Such a great commentary on the power of storytelling, Pam. I have long said that storytelling is the way in which we keep people and memories alive forever. Once the stories stop being told, that is when the memories disappear forever. I am a story teller myself and I find that I share much about my parents (who had both died long before I met my husband and had my children). I share stories about them and stories that they loved to tell. It is how I keep them alive for me and for my children to know their grandparents whom they will never actually know. And yes, there are always lessons to be learned from the important stories. And stories are one way that we can teach powerful and important messages…as evidenced by the longevity of Biblical stories, for sure. Thanks for sharing this and linking up with me.
I like your distinction between good stories and ‘small stories’–another word for gossip ;).
Storytelling is so important! My mother is a professional storyteller, and people think that must mean I grew up with the most wonderful bedtime stories…. Well, I did, but not from my mom! After she had been taking care of the kids and house all day, my dad was the bedtime parent and read us many classic novels, comic books, all sorts of things. My mom did tell us family stories spontaneously, often, but the only times she told me stories as she would perform them was when she was practicing a new one. It was quite rare for my dad to tell a story instead of reading it, but that’s why I recall so vividly the time he made up a story for me about a teddy bear who thought he was better than the other stuffed animals because he was stuffed with okra seeds…and then his seeds started sprouting and the other animals had to rescue him and help him start an okra farm! 😀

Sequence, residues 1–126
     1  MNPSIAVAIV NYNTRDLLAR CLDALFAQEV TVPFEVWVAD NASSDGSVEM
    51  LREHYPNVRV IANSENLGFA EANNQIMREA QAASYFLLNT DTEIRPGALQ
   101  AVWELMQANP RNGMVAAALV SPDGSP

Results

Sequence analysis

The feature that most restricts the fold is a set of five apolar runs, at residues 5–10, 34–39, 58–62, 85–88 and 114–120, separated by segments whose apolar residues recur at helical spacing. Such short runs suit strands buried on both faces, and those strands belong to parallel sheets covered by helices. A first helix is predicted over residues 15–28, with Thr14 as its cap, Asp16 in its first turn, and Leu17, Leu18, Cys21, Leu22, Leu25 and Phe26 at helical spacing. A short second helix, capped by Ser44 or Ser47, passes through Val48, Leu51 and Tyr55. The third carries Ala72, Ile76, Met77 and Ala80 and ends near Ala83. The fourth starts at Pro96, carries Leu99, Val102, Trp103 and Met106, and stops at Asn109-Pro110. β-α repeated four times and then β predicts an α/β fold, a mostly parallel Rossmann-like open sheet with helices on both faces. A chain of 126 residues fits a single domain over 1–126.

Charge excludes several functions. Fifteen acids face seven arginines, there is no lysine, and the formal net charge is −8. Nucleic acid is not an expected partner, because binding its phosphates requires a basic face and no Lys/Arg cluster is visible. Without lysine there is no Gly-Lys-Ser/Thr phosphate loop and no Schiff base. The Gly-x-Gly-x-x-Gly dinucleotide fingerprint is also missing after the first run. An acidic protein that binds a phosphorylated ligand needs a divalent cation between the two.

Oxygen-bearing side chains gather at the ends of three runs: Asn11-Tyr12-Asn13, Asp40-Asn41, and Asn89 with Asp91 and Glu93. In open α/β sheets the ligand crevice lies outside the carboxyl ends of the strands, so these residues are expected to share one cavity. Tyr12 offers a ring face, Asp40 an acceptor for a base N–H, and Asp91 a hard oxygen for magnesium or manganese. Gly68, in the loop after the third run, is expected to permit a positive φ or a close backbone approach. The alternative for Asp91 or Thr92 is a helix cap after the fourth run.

Now I tell my 5-year-old stories of my childhood. Oddly, one of her favorites is the story of how my grandfather died, which begins in HIS childhood with the story of why he started smoking and turns into a semi-optimistic tale about how finally quitting a bad habit can buy you time to know your grandchildren long enough that one of them can bake your favorite pie for you. Here’s the storytelling section of my website.
I’m so glad to hear that the tradition of storytelling is being passed down in other families, too! Videos are just no substitute for the images we can make in our minds and the experience of hearing a story from a real person.
Thanks so much for sharing all this about your own family experience with storytelling! I LOVE this! I will check out the link included as well😊
LOVED this story!!!
I also love storytelling – especially that of family. laurensparks.net